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Myths & Facts About Ringworm

When you hear the term "ringworm," do you imagine a collection of tiny worms slithering around on your skin? Then you may have fallen prey to one of the many misconceptions about this common skin condition. In reality, ringworm is far less creepy than the name suggests.

In this article, we'll clear up some of the myths that continue to circulate about ringworm.

Myth 1: Ringworm is caused by a worm

Probably the most pervasive ringworm myth, this one stems from the condition's name. Despite its creepy-crawly name, ringworm (also called tinea) is not caused by any worm. The culprit is actually a group of fungi called dermatophytes, which can cause skin infections. Ringworm gets its name from the distinctive ring-like pattern the red spots often form on the skin.

Myth 2: Ringworm only affects the skin

Although ringworm often does appear on the skin, it can also show up on the fingernails or toenails. Ringworm of the nails doesn't create a ring-like pattern. Instead, it turns the nails thick, yellow, and brittle.

Myth 3: Everyone with ringworm develops red rings on their skin

Some people who are infected do develop the scaly red ring that gives the condition its name -- but not everyone. If you get ringworm infection, you will probably see bumpy red patches around your skin, but they won't necessarily take the shape of rings. On your scalp, ringworm may look more like a flaky red pimple than a ring.

Myth 4: Only children get ringworm

Children are more likely to get certain types of ringworm, but you can get infected with the fungus at any age.

Myth 5: Ringworm isn't contagious

In fact, the opposite is true. Ringworm spreads easily from person to person, especially in communal areas like locker rooms and neighborhood pools. Ringworm is so contagious, in fact, that you don't even have to touch someone to get infected. The fungus can linger in places like locker room floors, as well as on hats, combs, and brushes.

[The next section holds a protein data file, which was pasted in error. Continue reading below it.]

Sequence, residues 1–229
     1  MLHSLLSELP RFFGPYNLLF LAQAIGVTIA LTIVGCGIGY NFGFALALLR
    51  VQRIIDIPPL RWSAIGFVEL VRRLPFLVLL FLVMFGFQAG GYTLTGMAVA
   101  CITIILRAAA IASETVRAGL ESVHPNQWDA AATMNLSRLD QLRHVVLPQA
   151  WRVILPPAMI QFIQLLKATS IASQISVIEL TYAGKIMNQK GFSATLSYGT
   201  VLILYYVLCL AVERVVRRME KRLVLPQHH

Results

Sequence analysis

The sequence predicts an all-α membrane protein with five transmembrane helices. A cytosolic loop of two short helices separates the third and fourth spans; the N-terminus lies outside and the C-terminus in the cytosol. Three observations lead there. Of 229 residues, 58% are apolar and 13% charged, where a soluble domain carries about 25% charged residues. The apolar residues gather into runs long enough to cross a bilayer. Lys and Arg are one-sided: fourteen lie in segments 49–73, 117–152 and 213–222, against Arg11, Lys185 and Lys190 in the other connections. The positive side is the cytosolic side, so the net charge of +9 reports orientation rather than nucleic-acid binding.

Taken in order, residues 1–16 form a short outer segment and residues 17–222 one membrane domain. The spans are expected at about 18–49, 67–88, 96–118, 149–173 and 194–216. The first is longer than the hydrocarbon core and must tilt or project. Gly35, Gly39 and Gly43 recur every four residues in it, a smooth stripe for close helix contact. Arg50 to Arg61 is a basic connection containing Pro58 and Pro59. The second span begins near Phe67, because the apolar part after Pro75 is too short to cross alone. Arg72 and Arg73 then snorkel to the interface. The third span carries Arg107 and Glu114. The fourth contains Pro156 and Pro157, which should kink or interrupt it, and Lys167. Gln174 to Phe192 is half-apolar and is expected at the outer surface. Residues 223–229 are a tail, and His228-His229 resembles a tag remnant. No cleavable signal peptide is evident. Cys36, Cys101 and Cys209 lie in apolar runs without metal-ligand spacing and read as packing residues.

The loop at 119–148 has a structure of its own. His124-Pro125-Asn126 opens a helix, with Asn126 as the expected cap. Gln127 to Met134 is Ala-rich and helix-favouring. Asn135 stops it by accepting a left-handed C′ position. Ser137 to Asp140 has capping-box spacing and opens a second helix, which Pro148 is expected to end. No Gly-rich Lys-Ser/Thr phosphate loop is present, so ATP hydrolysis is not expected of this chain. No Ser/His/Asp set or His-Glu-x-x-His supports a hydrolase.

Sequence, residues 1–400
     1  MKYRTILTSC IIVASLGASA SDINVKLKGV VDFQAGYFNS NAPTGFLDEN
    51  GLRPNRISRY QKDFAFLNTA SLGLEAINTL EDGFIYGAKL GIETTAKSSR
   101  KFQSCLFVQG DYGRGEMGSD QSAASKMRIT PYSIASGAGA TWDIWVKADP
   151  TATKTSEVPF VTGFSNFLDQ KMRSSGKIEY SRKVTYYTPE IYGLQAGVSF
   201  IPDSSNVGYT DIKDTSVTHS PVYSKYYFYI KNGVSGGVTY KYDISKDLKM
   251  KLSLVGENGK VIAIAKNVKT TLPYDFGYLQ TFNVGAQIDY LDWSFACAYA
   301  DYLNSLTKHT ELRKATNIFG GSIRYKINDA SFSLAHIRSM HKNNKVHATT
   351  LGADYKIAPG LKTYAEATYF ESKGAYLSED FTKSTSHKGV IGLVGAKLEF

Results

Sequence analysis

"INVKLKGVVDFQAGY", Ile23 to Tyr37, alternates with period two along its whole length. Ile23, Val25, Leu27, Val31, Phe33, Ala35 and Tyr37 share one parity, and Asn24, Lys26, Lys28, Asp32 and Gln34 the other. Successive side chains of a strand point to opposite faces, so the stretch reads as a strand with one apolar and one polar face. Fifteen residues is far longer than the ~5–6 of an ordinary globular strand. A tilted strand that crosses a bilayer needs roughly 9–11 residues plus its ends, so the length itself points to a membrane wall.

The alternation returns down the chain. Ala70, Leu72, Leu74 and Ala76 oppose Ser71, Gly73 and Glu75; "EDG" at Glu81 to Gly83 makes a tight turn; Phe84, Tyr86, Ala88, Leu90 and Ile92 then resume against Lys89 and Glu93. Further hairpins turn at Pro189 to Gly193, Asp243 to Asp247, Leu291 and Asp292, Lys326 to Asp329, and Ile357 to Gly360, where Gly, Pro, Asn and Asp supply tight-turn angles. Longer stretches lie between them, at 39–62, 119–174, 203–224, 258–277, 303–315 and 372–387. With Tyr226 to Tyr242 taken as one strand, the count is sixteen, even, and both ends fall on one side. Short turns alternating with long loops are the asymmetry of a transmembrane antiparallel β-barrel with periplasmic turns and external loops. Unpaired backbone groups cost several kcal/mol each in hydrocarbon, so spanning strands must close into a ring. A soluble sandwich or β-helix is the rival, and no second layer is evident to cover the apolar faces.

If you share an infected brush or comb, you can develop ringworm of the scalp. The highly contagious nature of the condition is why doctors recommend staying away from anyone who is infected, as well as their personal items.

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Myth 6: You'll see symptoms of ringworm right after you're infected

Ringworm has a long incubation period. The red rash can actually take a few days to appear on your skin. If you have ringworm of the scalp, you may not see any signs for a full two weeks after you were exposed.

Myth 7: You can't catch ringworm from your pet

Humans and their pets can share a number of diseases, including ringworm. Not only can you catch ringworm from your cat, dog, rabbit, or bird, but you can give it to your pet, too. That's why it's important to take your pet to the vet if you suspect ringworm. Keep infected pets away from your family -- as well as from other pets. And wash your hands with soap and warm water every time you touch your pet until the infection clears.

Myth 8: A flaky scalp is probably dandruff, not ringworm

Not necessarily. Sometimes ringworm of the scalp doesn't produce the signature ring. Instead, the skin becomes scaly and flaky, much like dandruff.

Myth 9: Only the infected person needs to be treated for ringworm

Because ringworm is so contagious, other people in the household may also need to be treated -- even if they don't have any symptoms. If there's a chance they may have picked up ringworm of the scalp, they may need to use a special shampoo and be examined to determine if there is an infection.

Myth 10: Ringworm is treated with antibiotics

Antibiotics kill bacteria. They won't work on ringworm, which is caused by a fungus. Ringworm is treated with antifungal medicines that you either rub on the skin or take by mouth. Ringworm of the scalp is treated with a special shampoo and an oral antifungal medicine. You may have to keep using whatever medicine you're prescribed for several weeks to fully get rid of the infection.

Myth 11: Once you get ringworm, you can't catch it again

It's common to get infected again, especially with ringworm of the nails.

WebMD Medical Reference Reviewed by Varnada Karriem-Norwood, MD on April 13, 2014

Sources

SOURCES: 

Nemours Foundation: "Ringworm."

University of Illinois at Urbana-Champaign: "Ringworm Myth-Busters."

ASPCA: "Ringworm."

American Academy of Pediatrics: "Ringworm."

Wisconsin Department of Health Services: "Ringworm."

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